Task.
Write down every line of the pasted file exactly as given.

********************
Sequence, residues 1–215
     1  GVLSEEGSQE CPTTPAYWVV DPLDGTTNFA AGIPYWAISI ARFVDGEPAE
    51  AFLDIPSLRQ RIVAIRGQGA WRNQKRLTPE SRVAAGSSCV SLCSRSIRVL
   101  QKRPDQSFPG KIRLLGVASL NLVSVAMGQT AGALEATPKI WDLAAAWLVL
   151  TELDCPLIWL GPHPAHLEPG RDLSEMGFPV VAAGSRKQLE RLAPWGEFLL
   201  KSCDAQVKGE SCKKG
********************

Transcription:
Sequence, residues 1–215
     1  GVLSEEGSQE CPTTPAYWVV DPLDGTTNFA AGIPYWAISI ARFVDGEPAE
    51  AFLDIPSLRQ RIVAIRGQGA WRNQKRLTPE SRVAAGSSCV SLCSRSIRVL
   101  QKRPDQSFPG KIRLLGVASL NLVSVAMGQT AGALEATPKI WDLAAAWLVL
   151  TELDCPLIWL GPHPAHLEPG RDLSEMGFPV VAAGSRKQLE RLAPWGEFLL
   201  KSCDAQVKGE SCKKG